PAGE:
Our 2008 book was the first attempt at summarizing research findings on how to promote employee creativity. The chapters in the book highlighted key things managers could do to increase the creativity of their employees, from giving feedback and goal setting to creating a culture of creativity. The 2015 book, which I co-edited with Chris Shalley and Mike Hitt, was an attempt to connect the dots between research on creativity, innovation and entrepreneurship. A few years ago, my current co-editor, Bess Rouse, and I realized that the time had come to produce a book that accomplishes a few new goals: First, it takes a deeper dive into creativity research than ever before, going into topics that weren’t even on our radar while editing the first two books. Second, it is intended to stimulate new research by pointing out opportunities for growth. Finally, it provides useful insights for anyone looking to spark creativity and innovation in the workplace.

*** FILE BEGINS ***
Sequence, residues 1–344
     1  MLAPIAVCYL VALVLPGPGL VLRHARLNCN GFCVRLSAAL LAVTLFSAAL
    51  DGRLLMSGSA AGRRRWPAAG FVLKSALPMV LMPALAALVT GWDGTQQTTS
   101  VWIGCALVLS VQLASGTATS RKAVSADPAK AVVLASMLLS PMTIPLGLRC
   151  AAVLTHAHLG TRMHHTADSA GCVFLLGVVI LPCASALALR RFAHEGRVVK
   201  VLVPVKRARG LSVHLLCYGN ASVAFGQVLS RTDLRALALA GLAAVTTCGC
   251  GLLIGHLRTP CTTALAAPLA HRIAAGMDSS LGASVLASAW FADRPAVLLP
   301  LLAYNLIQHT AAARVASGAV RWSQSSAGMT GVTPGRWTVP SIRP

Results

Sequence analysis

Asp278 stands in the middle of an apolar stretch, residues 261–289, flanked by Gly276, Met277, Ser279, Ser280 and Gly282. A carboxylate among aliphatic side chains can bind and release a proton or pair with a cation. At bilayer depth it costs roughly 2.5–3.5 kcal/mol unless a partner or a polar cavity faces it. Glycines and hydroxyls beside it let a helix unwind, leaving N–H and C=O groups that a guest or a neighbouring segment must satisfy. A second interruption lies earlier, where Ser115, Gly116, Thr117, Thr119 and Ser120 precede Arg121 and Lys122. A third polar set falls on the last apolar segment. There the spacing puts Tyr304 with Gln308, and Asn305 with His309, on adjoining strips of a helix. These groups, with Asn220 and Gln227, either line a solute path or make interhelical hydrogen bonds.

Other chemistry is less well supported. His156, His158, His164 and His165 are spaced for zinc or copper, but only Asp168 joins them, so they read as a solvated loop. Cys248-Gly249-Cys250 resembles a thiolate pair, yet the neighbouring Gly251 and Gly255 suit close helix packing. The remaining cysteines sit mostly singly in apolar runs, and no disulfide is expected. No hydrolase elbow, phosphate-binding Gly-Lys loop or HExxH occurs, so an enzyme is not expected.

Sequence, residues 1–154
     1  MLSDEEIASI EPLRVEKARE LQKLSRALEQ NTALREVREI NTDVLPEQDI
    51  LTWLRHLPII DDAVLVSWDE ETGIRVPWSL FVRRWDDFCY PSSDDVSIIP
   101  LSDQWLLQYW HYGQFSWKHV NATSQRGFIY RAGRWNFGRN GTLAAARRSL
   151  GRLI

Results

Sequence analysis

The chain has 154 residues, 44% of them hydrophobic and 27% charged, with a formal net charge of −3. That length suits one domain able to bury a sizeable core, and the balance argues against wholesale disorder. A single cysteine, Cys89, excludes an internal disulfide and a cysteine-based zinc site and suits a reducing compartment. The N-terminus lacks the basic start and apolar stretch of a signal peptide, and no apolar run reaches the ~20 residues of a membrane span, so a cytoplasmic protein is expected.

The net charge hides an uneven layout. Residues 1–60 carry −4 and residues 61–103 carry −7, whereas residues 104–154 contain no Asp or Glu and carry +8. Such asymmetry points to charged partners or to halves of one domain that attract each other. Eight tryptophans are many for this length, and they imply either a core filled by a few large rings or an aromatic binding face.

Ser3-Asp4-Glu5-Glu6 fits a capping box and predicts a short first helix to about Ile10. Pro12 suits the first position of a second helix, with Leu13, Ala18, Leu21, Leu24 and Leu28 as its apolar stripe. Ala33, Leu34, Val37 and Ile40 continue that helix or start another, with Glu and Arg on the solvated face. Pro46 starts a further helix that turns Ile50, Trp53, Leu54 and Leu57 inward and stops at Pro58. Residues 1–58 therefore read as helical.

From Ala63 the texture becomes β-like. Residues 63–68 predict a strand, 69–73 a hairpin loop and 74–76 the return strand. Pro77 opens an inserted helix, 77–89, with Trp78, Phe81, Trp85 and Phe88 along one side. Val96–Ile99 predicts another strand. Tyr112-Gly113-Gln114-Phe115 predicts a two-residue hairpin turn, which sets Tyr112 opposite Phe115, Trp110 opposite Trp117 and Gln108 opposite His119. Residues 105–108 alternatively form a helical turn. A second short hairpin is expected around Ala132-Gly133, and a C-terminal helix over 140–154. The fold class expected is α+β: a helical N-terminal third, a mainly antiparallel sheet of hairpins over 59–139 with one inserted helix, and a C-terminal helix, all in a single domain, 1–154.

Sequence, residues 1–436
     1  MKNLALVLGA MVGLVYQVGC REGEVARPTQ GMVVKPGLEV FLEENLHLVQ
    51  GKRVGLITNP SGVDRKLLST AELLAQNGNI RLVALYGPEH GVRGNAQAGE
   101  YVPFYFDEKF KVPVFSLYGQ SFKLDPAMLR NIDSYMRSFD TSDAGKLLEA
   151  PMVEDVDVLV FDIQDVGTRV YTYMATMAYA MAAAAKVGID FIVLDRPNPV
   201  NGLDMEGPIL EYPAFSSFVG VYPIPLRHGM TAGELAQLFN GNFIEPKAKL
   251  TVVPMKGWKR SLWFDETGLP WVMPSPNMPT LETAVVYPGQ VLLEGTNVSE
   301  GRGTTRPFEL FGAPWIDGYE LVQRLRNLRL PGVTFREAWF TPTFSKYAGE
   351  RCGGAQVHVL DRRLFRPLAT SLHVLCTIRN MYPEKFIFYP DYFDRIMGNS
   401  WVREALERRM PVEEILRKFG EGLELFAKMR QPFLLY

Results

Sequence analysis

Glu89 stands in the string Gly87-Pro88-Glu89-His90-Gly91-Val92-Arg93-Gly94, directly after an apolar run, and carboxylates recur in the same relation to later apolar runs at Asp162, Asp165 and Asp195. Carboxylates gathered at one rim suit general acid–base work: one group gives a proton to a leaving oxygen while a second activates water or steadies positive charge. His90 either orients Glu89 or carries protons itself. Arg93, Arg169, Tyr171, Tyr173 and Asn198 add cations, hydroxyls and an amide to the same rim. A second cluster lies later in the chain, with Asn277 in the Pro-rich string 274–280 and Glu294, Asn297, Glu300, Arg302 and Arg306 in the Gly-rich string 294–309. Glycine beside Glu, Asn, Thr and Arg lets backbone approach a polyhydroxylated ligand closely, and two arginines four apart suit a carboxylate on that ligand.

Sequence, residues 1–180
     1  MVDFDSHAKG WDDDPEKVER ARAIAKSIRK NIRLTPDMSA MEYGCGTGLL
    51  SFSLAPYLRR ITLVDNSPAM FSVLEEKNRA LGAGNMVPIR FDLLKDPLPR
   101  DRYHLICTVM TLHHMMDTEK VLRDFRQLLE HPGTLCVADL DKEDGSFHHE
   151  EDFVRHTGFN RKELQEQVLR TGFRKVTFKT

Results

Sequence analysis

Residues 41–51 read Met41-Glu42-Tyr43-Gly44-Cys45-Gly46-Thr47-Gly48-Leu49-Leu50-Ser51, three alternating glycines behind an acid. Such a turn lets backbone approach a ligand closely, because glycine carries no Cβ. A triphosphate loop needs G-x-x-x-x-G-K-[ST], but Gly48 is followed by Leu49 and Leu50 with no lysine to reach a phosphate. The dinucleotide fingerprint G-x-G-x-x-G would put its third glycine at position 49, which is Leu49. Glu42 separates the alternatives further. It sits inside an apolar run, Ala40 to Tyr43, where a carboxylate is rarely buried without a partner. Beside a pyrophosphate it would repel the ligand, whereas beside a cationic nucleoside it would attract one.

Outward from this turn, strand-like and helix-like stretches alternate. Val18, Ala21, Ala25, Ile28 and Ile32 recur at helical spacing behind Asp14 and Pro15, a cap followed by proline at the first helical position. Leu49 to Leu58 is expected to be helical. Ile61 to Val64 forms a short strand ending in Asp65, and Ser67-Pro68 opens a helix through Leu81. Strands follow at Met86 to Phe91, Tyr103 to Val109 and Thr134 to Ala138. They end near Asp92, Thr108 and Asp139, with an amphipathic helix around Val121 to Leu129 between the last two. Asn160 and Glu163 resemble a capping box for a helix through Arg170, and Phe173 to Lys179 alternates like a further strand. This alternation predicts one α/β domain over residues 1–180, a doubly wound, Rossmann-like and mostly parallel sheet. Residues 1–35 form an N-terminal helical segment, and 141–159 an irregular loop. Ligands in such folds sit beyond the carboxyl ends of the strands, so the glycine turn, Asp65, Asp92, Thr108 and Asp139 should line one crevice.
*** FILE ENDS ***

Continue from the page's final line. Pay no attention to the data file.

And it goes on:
What new research directions are you hoping to encourage with this handbook?
One of the things we highlighted was the need to combine quantitative with qualitative research to generate better insights. My co-editor, Bess, an associate professor of management and organization at Boston College’s Carroll School of Management, is an expert on qualitative research methods, such as interviewing people in the workplace and observing how they interact while at work, while I focus primarily on quantitative research methods. To create knowledge, both quantitative and qualitative methods are essential. Researchers need to be able to capture phenomena in context, measure creativity and innovation properly, and draw inferences about causality. Our handbook summarizes useful, robust methods for quantitative and qualitative research with the hope that researchers will integrate these methods into their own work and generate more knowledge.
We are also hoping to inspire more research on the receiving side of creativity. After an employee has generated a creative idea, how will their supervisor react? How does that reaction contribute to or impede a culture of creativity and innovation? As a field, we have a lot of interesting questions to answer. And these are just a couple of examples. The book presents plenty of other new research directions as well.